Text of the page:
------- Comment #4 from s...@iname.com 2009-04-03 09:09 -------
Here's how it would have to work.
Really, there are four constancy levels:
- reassignable (the default)
- mutable but non-reassignable (MBNR)
- invariant (immutable)
For primitive types and static arrays thereof, only two of these are distinct:
reassignable and invariant. If something of such a type is declared const, it
actually becomes invariant.
The constancy of a struct is determined by two factors: the constancy of its
members and any constancy attributes with which the struct as a whole is
The constancy of a struct as determined by its members works like this:
- if all members are reassignable, it is reassignable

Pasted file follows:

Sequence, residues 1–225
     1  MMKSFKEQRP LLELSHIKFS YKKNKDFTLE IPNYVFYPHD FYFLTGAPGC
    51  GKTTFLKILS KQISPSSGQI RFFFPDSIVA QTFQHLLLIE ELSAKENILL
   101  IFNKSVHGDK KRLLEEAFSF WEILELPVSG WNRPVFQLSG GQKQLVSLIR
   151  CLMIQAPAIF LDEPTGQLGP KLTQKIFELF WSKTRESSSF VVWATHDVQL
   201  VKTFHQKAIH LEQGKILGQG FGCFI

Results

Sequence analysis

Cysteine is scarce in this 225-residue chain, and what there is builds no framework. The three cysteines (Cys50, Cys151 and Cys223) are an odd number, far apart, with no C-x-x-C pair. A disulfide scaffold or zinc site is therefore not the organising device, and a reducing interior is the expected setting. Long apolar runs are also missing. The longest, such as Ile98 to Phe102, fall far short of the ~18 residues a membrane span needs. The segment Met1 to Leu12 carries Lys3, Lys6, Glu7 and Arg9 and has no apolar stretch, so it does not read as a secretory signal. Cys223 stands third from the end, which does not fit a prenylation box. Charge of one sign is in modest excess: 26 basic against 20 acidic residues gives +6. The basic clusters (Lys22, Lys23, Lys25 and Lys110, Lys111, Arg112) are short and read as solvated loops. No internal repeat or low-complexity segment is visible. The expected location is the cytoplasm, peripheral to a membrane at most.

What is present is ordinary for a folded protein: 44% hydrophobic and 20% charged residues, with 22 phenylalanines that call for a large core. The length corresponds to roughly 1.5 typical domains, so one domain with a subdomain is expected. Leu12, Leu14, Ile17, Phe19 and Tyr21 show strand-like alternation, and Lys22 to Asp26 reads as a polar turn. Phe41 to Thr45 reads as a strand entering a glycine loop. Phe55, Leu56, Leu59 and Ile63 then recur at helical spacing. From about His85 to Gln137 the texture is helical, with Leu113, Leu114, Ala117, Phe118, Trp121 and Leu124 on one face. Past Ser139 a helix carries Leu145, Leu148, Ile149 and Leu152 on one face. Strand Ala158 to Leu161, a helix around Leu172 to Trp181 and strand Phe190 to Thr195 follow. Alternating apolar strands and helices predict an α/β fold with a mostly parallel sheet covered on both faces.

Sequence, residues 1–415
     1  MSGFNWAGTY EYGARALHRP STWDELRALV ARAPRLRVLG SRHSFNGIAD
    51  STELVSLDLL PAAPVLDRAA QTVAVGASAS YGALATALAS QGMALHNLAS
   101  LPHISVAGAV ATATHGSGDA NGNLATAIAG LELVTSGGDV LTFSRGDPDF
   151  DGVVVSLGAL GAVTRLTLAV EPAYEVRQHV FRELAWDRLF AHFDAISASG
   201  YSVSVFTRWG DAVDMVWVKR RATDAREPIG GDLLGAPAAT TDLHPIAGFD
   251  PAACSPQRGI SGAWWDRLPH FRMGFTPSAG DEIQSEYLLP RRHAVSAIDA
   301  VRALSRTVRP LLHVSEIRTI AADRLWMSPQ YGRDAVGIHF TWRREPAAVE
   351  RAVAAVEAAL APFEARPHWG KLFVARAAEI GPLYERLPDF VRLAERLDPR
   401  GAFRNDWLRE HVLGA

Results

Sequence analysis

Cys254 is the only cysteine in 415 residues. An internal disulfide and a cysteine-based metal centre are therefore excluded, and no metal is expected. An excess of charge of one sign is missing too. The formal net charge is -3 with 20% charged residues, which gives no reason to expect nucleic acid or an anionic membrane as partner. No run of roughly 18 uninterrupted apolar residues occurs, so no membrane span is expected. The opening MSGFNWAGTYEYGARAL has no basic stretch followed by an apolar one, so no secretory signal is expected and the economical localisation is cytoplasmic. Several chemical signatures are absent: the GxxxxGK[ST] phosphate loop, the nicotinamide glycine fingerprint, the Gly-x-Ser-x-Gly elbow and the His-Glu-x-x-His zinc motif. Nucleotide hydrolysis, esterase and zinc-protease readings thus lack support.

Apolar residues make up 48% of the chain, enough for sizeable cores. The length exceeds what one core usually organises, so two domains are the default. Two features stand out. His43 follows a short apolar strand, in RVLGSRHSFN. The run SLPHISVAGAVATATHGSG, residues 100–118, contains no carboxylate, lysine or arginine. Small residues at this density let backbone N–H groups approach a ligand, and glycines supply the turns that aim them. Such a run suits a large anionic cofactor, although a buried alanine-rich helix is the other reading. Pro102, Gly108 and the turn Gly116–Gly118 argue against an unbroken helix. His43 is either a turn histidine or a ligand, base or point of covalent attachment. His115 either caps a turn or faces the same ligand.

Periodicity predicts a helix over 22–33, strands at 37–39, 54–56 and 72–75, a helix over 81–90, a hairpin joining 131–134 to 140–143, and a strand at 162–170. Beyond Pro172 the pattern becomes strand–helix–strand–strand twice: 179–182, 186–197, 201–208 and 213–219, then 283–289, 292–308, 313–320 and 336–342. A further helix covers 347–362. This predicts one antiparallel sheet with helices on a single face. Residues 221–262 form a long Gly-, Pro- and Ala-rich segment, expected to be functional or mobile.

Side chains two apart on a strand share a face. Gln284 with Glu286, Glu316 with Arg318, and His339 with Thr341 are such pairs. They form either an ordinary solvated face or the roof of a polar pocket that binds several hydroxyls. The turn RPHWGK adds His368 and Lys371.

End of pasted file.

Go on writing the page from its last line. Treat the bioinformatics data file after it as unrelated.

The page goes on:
- if all members are invariant, it is invariant
- if all members are const, or all members are const or invariant, it is const
- otherwise, it is MBNR
The otherwise is if the struct has a mixture of reassignable and const and/or
invariant members, or has any MBNR members. Or equivalently, if struct members
of structs are flattened out, the overall struct is MBNR iff there is a mixture
of reassignable and const and/or invariant members.
The essence of MBNR is that the struct cannot be reassigned, but the constancy
levels of the struct's members shine through.
Of course, it would still be possible to declare a struct 'variable' as const
or invariant, and this would be a matter of tightening the constancy from that
which is in the type.